"… let us say: 'Either God is or he is not.' But to which view shall we be inclined? Reason cannot decide this question. Infinite chaos separates us. At the far end of this infinite distance a coin is being spun which will come down heads or tails. How will you wager? Reason cannot make you choose either, reason cannot prove either wrong. . . Yes, but you must wager. There is no choice, you are already committed. Which will you choose then? . . .

Let us weigh up the gain and the loss involved in calling heads that God exists. Let us assess the two cases: if you win you win everything, if you lose you lose nothing. Do not hesitate then; wager that he does exist. . . . And thus, since you are obliged to play, you must be renouncing reason if you hoard your life rather than risk it for an infinite gain, just as likely to occur as a loss amounting to nothing… Thus our argument carries infinite weight, when the stakes are finite in a game where there are even chances of winning and losing and an infinite prize to be won."

Personally, I think that's pretty brilliant. So let's take that same logic and apply it to abortion. First of all, we must establish something that neither side will like to admit. It's that we have no certain scientific proof of whether a human fetus is truly human or merely a collection of cells. I know both sides would like to argue with me on this point. But if anyone had incontrovertible proof of the truth here, there would be no reasonable debate. So for now, let all who will be reasonable agree that a human fetus either constitutes a genuine human life or it does not, and that there is some evidence to support both sides of the argument.

That being said, consider for a moment the consequence of each side being wrong. If I say that a fetus is, in fact, a living human being, the logical position is to forbid abortion. If I am wrong, and a fetus is not a living human being, then I have needlessly burdened parents with an unwanted child. There are further repercussions as well that encompass but are not limited to the risks of pregnancy to the mother and the life-changes that will inevitably ensue from the birth of the child. It must be noted that pregnancy puts the mother's life at risk.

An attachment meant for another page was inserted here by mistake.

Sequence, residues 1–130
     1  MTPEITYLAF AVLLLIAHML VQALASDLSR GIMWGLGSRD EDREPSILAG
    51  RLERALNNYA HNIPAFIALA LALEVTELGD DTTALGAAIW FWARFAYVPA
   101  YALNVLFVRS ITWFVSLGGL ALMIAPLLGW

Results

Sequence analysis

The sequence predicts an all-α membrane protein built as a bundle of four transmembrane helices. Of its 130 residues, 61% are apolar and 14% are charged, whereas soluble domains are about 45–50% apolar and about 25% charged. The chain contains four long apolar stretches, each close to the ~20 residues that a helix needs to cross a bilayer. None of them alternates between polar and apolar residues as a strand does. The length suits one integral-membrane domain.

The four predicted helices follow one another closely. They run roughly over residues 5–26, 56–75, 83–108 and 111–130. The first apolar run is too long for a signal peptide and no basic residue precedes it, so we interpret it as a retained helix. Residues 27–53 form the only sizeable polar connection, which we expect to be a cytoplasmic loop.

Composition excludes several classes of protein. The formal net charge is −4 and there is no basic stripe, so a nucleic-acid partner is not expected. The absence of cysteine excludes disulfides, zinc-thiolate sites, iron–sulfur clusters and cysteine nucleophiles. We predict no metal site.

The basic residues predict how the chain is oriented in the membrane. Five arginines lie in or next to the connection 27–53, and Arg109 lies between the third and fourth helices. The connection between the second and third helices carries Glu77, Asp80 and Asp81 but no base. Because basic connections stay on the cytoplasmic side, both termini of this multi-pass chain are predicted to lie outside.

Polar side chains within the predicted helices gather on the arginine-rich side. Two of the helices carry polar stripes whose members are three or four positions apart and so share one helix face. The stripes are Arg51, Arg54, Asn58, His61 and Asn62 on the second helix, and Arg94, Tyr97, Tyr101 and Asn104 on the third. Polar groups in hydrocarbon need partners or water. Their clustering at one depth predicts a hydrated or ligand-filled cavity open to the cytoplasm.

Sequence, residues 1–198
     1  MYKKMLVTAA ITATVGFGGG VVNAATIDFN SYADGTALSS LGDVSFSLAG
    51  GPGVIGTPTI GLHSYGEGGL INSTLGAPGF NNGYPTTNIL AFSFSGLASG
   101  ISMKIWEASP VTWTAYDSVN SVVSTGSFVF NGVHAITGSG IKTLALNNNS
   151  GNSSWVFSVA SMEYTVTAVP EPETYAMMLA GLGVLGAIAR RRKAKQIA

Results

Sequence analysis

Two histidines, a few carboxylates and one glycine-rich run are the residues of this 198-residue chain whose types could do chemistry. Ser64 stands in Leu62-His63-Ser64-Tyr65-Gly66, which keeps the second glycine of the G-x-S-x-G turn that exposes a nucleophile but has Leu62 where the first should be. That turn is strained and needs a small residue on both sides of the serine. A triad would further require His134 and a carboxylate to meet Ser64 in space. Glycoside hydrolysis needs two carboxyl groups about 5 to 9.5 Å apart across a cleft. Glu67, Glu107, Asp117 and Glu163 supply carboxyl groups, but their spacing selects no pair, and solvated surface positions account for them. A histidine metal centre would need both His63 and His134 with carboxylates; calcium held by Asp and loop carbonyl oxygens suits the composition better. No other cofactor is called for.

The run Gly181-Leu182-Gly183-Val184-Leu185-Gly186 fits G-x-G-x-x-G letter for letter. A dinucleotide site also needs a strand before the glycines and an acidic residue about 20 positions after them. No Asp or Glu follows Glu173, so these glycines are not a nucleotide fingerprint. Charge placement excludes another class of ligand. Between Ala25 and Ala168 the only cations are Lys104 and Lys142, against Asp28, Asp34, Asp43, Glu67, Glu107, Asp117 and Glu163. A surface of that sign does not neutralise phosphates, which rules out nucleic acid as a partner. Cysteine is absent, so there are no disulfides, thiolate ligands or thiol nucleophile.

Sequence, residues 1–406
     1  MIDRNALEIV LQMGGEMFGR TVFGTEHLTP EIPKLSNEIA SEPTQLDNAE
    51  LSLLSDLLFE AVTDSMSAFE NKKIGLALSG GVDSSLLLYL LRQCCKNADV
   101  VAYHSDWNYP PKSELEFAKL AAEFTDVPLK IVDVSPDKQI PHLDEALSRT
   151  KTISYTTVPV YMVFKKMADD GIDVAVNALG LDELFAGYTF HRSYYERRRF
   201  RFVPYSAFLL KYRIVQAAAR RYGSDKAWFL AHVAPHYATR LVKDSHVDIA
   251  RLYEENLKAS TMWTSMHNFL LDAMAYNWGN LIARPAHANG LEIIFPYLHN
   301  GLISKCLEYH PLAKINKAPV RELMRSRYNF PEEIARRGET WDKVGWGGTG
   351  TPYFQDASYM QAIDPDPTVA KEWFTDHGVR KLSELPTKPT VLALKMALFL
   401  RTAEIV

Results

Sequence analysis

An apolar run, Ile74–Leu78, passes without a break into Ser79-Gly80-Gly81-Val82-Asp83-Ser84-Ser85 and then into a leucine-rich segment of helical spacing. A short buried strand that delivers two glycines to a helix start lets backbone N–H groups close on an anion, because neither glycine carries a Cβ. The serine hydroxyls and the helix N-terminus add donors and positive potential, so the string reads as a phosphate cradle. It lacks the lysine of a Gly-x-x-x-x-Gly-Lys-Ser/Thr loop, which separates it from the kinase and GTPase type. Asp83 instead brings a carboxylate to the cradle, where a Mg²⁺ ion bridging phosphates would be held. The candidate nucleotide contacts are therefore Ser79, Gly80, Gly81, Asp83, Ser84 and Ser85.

Whereas in Pascal's Wager, the consequence of being wrong about God being real was really nothing, here there is a very real risk to being wrong. There is a lot of room for debate about the greatest negative repercussion to carrying an unwanted pregnancy to term. But does anything trump the possible death of the mother? To my thinking, nothing does.

Now let's look at the other side. If I say a fetus is simply a cell mass, and not a genuine human life, the logical position is to allow for abortion. But if I am wrong, the consequence of abortion is quite simply murder. It's pretty uncomplicated, and I don't think I need to say much more about it.

Let's weigh the consequences of being wrong. On the one hand, you burden the mother and/or father, may bring about huge life changes for them, and it's possible the health or even the life of the mother will be endangered. Bad stuff. But on the other hand, you have the certain and intentional death of an innocent human baby. And if there is a God that values life, as Blaise Pascal would argue there is, there will be a certain retribution.

Ok, some people really could give a flip about the God thing, but the logic of the issue seems clear. The Pro-Life position is simply more rational. You're weighing possible tragedies on one hand against a certain and ultimate tragedy on the other. And given that none of us can give a certain and incontrovertible scientific answer to the identity of the fetus, we're all gambling that we're right. So I think it's important to ask yourself, "What if I'm wrong?" Are you ok with the consequences of that? Or do you refuse to allow the question, and choose to remain in a bubble of ignorance and pride that will not allow for the possibility that the dissenting opinion could actually be right? And if that is the case, then you are the definition of "closed-minded."


Let's call this an introduction to the topic. In part two, I'll present evidence supporting why I believe a fetus constitutes a genuine human life. See you then.